Estate Planning

Rethinking Old Trusts and Your Estate Planning

If you have a trust, you may think that their original purpose no longer seems compelling. Your estate plan may designate that your assets will pass into a “bypass” or “credit shelter” trust, which will pay income to your surviving spouse and ultimately pass assets to your children. Historically, it was common for married couples […]

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Think you do not have anything to leave behind? Think Again! (Part 1 of 4)

We hear it time and time again. People considering whether or not to have estate planning documents done, but stopping short of following through because they think “I really do not have anything to leave behind” or “There is no need right now, I only have one bank account anyway”. While that may be true […]

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The Ever Expanding Definition of What Constitutes A Will

One of the most important legal documents an individual can ever execute is his or her Will. Until recent years, it was a formal writing prepared by a lawyer to insure that one’s assets were passed to his or her heirs. Yet over the past few decades, alternative planning methods have arisen. Moreover, New Jersey […]

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Get Rid of That Old Will!

In 1994, Helen M. Weste executed a Last Will. She was single and had no children. The Will made three charitable bequests, left her personal property to a niece, and left the remainder of her estate to be divided in differing percentages among a sister along with eight nieces and nephews. In 2002, Helen executed […]

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Powers of Attorney: Practical Tips for Executing, Using and Revoking

By Thomas D. Begley, III, Esq. Co-Authored by Brittany A. Verga, Esq. Although most people initially think that a Will is the cornerstone of estate planning, it is often asserted that the most important document is a power of attorney. A power of attorney is a document in which one individual vests authority in another […]

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Legal Authority For Gifting

As wealth accumulates in this country and our population continues to age, the propriety of lifetime giving has increased. Gifts can be made out of sheer benevolence, but are also important in minimizing death taxes and long term care costs. This blog will review some of the key concepts involved in lifetime giving. Gifts can […]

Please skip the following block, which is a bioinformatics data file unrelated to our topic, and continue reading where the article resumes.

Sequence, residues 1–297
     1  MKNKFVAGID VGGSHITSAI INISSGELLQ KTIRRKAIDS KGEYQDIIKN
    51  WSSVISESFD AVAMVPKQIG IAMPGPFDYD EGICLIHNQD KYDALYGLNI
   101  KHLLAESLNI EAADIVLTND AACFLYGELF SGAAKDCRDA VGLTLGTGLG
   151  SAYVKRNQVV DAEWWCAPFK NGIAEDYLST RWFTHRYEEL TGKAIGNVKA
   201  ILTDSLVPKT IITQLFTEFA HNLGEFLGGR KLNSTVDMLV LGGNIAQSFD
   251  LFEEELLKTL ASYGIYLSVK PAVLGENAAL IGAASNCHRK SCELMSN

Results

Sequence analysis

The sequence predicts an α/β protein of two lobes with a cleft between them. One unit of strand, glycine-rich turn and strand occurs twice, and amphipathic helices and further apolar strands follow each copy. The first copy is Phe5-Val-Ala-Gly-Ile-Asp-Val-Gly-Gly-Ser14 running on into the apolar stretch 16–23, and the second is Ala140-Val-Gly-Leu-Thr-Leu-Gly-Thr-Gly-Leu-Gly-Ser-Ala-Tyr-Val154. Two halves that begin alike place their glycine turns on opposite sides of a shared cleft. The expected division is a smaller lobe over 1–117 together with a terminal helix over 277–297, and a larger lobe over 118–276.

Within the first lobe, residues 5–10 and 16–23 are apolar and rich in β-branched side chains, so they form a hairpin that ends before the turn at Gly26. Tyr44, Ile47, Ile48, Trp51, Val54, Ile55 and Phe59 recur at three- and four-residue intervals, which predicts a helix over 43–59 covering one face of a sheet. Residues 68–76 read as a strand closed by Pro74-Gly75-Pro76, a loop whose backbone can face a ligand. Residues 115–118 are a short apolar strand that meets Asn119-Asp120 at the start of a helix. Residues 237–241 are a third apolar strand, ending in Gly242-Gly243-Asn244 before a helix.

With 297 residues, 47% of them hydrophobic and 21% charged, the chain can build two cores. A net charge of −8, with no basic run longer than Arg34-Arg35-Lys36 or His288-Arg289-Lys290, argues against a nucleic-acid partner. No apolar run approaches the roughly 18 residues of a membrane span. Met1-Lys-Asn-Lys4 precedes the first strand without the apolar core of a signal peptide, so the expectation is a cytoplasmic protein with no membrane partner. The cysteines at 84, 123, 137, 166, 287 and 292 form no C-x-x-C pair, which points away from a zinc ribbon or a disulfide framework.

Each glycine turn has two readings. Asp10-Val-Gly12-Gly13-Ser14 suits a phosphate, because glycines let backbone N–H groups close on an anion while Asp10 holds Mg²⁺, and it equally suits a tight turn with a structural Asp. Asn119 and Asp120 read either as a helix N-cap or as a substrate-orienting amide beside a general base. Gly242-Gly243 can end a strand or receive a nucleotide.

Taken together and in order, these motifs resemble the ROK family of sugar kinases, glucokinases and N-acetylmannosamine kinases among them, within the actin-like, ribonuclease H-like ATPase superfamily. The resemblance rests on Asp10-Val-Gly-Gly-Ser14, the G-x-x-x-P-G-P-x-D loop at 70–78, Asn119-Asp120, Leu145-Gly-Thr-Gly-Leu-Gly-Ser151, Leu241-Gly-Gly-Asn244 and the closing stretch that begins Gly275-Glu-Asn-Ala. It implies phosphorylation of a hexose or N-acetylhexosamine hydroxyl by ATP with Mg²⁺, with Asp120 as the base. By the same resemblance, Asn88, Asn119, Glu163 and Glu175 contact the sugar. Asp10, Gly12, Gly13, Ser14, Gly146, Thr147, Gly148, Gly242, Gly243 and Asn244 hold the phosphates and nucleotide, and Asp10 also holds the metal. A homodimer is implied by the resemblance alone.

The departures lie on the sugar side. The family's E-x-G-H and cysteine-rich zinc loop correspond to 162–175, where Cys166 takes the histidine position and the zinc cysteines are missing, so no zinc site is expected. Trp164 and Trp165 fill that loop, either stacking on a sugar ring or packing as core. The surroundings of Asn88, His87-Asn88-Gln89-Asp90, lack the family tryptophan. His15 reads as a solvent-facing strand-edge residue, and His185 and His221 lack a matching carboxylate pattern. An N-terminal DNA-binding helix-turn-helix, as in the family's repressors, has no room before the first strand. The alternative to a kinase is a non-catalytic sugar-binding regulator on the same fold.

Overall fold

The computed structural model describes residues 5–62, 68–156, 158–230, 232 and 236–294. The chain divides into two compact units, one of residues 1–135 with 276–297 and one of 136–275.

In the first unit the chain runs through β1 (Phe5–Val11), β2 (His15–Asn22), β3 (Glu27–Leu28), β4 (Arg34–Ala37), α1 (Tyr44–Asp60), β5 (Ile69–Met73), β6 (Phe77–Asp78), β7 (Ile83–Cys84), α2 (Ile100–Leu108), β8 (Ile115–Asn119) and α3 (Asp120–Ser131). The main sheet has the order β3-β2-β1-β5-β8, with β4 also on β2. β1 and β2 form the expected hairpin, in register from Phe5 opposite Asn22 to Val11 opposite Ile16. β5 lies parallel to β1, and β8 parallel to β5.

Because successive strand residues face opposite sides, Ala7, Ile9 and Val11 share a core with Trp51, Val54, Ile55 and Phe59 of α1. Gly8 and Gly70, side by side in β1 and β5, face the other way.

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The Perils of Joint Accounts

Joint Tenancy With a Right of Survivorship (JTWROS) is a manner by which many of us hold bank and other financial accounts with others.  It is a traditional method of account ownership that has many benefits.  It commonly reflects the unity between spouses.  It avoids probate when one party dies.  It can be used for […]

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Examining the Estate of Philip Seymour Hoffman

Examining the Estate of Philip Seymour Hoffman

On February 2, 2014, Philip Seymour Hoffman died of a drug overdose at the age of 46.  He was an Academy Award winning actor who appeared in many productions on stage and screen.  He was survived by his life partner, Mimi O’Donnell, and their three children, Cooper (10), Tallulah (7) and Willa (5).  His estate […]

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How Much Does it Pay to Be Executor?

A commonly asked question in both estate planning and estate administration is “How much does the executor get paid?”  In order to evaluate that question, three issues need to be addressed: (1) the statutory allowance for compensation, (2) the options in drafting compensation clauses in a Will, and (3) the effect of case law of […]

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Have You Had The “Talk” With Your Family Members?

If you are a parent, you may be thinking of the “talk” you had with your children when they were pre-teens, but, that is not what I am referring to. This “talk” is with your family members about your “later in life” thoughts. Do your family members know your preferences about critical life support?  Funeral details?  […]

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